|Born||November 8, 1882|
Champaign, Illinois, U.S.
|Died||June 6, 1966 83) (aged|
Oxnard, California, U.S.
|Spouse(s)|| Joseph Kaufman  |
(m. 1915; died 1918)
(m. 1928;div. 1931)
Ethel Clayton (November 8, 1882 – June 6, 1966) was an American actress of the silent film era.
Born in Champaign, Illinois, Clayton attended St. Elizabeth's school in Chicago. 
Clayton debuted on stage as a professional as a member of the chorus in a production at the Chicago Opera House. After that, she worked with stock theater companies in Milwaukee and Minneapolis. 
On stage, Clayton appeared mainly in musicals or musical revues such as The Ziegfeld Follies of 1911. In addition to that production, her Broadway credits include Fancy Free (1918), You're in Love (1917), Nobody Home (1915), The Red Canary (1914), The Brute (1912), and His Name on the Door (1909). 
Clayton's first film was When the Earth Trembled.  Following appearances on screen in short dramas from 1909 to 1912, she made her feature-length film debut in For the Love of a Girl in 1912. Barry O'Neil directed the film, and Clayton later was directed by William Demille, Robert G. Vignola, George Melford and Donald Crisp in subsequent feature films. Like many silent film actors, Clayton's career was hurt by the coming of sound to motion pictures. She continued her career in small parts in films until she retired in 1948.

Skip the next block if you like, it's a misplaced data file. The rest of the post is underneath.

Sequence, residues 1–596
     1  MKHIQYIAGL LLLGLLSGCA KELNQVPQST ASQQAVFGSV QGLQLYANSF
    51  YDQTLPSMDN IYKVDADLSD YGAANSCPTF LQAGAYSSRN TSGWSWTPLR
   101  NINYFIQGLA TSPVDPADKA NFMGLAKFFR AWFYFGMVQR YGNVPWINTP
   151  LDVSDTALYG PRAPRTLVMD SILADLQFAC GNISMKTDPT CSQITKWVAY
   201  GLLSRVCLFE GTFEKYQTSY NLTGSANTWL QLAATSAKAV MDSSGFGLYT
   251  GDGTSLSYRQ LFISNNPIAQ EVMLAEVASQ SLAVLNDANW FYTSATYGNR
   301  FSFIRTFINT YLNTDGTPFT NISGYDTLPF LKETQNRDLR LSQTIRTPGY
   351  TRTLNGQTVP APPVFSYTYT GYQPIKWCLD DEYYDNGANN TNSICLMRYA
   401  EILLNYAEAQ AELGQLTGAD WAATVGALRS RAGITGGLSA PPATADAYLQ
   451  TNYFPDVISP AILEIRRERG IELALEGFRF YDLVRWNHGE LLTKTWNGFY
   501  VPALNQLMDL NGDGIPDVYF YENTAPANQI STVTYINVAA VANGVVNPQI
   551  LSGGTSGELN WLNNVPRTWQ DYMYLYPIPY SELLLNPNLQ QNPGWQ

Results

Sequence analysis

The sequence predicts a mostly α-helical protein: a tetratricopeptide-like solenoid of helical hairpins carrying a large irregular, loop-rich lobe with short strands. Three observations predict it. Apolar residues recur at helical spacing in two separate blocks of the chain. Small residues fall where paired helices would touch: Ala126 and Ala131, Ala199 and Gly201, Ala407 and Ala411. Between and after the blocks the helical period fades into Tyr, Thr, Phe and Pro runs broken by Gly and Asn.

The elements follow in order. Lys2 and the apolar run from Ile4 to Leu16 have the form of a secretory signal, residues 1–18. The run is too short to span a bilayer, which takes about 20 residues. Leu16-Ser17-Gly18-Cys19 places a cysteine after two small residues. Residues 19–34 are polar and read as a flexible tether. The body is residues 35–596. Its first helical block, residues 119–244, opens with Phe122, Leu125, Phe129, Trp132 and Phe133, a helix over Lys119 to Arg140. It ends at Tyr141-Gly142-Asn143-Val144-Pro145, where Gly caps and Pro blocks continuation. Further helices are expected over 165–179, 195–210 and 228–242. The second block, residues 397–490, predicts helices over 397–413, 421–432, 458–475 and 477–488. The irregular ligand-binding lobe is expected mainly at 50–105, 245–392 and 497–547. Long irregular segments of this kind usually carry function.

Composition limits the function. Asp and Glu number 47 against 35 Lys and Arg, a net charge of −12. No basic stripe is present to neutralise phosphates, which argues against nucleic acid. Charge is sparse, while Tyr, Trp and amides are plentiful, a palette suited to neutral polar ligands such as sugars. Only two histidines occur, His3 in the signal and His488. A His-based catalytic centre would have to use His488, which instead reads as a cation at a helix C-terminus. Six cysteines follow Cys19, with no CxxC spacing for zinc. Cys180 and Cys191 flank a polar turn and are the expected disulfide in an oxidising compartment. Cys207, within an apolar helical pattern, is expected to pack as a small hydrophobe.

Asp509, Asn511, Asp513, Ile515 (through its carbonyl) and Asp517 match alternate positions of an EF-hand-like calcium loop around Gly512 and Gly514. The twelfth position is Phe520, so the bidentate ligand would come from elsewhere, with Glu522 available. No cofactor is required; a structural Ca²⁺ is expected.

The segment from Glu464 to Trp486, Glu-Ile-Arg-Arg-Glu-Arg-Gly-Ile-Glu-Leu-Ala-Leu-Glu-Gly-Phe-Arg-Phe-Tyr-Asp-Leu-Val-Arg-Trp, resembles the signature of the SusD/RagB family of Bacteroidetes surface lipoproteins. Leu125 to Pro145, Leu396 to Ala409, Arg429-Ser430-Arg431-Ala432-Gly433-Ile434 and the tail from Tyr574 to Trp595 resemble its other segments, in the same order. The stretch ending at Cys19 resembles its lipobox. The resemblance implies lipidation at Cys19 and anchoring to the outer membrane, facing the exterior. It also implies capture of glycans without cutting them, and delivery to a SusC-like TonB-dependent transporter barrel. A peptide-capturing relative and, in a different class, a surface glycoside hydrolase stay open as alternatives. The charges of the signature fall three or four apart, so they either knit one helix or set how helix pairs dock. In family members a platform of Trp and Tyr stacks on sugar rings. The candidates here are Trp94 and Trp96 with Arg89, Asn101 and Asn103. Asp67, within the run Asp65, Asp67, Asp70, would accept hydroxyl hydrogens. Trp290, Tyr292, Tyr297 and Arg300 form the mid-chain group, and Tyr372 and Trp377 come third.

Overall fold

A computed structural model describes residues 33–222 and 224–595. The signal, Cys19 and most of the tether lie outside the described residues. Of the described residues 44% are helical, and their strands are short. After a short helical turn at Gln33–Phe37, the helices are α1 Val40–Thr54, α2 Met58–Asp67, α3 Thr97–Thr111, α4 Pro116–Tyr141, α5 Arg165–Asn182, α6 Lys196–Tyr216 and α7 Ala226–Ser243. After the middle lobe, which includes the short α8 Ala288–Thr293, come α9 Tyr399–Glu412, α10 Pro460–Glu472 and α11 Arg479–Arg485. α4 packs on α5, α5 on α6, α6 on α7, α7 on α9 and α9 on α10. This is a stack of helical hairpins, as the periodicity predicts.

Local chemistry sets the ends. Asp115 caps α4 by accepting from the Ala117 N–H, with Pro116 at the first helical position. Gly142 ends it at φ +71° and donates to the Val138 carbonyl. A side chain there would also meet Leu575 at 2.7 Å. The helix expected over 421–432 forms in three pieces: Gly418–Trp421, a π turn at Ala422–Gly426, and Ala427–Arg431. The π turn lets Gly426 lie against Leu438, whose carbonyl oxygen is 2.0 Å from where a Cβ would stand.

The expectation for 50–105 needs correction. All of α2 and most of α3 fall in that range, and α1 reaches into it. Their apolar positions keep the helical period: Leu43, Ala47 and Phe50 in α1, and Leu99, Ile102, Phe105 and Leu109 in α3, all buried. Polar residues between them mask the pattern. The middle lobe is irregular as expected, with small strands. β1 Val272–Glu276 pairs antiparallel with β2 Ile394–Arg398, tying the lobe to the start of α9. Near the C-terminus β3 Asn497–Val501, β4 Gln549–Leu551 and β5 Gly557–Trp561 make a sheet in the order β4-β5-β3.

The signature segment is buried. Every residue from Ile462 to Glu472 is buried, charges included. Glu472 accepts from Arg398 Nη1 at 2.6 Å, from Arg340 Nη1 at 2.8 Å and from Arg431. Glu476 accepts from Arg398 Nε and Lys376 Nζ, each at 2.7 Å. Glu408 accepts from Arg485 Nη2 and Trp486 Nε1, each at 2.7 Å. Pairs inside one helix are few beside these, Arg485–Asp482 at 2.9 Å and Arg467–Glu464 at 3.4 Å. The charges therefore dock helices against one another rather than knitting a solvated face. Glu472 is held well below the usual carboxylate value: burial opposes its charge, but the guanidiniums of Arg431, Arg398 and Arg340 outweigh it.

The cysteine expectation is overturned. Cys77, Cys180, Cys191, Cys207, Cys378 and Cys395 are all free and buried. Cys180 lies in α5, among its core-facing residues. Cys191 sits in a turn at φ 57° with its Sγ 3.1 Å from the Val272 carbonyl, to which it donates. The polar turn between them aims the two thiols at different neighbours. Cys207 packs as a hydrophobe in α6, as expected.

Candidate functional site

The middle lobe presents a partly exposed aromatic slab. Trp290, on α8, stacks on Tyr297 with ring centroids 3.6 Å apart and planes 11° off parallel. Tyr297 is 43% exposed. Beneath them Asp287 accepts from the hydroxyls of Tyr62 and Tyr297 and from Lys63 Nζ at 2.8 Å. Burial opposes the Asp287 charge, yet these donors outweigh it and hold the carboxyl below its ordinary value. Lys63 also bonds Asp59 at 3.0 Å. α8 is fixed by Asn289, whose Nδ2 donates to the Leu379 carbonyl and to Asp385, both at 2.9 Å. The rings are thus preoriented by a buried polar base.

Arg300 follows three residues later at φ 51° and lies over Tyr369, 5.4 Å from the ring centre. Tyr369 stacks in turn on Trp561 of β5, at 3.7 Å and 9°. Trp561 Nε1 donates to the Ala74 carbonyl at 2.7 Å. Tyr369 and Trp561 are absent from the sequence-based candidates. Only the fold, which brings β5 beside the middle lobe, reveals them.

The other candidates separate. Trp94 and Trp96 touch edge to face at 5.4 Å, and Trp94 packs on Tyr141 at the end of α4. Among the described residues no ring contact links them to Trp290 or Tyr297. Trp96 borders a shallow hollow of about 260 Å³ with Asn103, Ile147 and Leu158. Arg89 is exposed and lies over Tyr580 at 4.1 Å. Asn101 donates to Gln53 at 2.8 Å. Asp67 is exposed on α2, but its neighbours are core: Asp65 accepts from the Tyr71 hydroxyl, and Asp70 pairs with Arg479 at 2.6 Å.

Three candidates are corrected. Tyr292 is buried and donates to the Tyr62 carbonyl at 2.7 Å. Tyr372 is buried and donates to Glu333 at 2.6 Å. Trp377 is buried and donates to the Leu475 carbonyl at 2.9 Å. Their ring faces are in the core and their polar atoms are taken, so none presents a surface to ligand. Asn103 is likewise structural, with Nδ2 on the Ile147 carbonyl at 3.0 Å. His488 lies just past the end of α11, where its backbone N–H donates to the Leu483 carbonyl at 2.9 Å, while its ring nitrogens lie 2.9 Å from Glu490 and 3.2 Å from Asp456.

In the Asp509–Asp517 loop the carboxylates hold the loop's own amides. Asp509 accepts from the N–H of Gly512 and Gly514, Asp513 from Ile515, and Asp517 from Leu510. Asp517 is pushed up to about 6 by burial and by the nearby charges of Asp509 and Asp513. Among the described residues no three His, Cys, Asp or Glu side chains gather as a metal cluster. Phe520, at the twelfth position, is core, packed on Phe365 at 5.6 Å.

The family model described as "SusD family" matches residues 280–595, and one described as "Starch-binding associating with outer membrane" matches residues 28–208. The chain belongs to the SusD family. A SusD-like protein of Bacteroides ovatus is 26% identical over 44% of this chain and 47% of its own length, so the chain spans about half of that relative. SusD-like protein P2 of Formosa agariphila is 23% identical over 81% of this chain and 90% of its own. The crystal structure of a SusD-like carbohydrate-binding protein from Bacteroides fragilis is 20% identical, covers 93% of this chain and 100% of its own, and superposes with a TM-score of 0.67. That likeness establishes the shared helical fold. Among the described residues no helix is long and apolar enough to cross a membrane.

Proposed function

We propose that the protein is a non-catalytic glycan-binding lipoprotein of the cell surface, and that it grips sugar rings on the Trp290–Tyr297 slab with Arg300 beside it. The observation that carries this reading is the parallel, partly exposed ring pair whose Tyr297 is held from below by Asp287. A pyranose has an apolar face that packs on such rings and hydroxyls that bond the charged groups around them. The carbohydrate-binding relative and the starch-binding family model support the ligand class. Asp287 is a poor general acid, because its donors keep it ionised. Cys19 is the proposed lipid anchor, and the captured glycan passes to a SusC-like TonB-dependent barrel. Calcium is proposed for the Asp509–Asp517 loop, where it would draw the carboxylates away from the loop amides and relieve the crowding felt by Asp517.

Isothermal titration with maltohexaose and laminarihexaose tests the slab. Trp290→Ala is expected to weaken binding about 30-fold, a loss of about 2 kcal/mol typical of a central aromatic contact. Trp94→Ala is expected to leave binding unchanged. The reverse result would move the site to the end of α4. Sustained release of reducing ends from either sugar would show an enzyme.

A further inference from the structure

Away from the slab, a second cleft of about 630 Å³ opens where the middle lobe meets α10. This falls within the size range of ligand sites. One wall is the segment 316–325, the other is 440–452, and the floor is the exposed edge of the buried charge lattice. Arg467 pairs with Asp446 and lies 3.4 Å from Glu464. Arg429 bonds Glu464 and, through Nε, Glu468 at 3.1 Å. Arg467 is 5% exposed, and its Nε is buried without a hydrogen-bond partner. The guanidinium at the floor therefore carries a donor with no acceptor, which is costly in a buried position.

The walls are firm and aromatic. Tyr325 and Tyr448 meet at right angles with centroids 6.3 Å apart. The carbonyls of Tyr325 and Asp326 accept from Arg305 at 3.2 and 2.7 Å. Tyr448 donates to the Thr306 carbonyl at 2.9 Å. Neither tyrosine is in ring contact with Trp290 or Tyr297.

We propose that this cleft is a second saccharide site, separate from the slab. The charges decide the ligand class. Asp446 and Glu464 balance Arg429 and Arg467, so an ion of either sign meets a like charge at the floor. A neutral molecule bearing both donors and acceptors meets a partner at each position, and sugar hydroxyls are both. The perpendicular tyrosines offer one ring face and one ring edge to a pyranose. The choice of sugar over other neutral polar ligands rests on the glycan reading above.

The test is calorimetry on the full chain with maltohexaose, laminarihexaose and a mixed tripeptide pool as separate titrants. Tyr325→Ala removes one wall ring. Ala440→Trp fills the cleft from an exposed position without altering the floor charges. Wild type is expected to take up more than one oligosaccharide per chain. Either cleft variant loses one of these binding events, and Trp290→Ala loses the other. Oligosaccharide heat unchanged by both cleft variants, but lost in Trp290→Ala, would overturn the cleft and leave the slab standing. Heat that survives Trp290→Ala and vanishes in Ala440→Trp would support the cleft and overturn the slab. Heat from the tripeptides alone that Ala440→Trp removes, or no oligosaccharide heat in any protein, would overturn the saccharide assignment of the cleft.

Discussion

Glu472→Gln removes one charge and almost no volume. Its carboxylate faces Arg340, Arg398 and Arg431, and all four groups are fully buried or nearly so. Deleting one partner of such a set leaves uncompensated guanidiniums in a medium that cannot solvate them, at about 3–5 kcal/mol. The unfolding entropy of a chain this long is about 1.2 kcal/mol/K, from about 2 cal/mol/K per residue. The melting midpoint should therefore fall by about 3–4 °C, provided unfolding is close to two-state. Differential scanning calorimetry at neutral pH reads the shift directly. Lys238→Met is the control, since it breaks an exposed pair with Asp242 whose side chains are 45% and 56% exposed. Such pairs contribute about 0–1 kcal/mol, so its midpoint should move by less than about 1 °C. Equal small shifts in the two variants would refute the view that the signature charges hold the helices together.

In 1931, Clayton obtained a California Superior Court order enjoining her former business partner, W.L. Rucker, from disposing of 316 pearls.  Clayton and Rucker agreed to purchase a cosmetics business and the pearls had been entrusted to Rucker to raise money. The deal fell through and he refused to return the jewels. Rucker admitted to possessing the pearls but claimed they had been pledged as security for a $125 loan. The pearls were valued at $20,000. 
Clayton was first married to actor-director Joseph Kaufman  until his death in 1918 in the Spanish flu epidemic.   She later married silent film actor and former star Ian Keith twice and they divorced twice. In both cases Clayton cited cruelty and excessive drinking. Clayton and Keith were first married in Minneapolis in 1928 and first separated on January 13, 1931. 
Clayton died on June 6, 1966 at Guardian Convalescent Hospital  in Oxnard, California, aged 83.  She was buried at Ivy Lawn Memorial Park in Ventura, California.[ citation needed ]
For her contributions to the motion picture industry, Clayton has a star on the Hollywood Walk of Fame at 6936 Hollywood Boulevard. 
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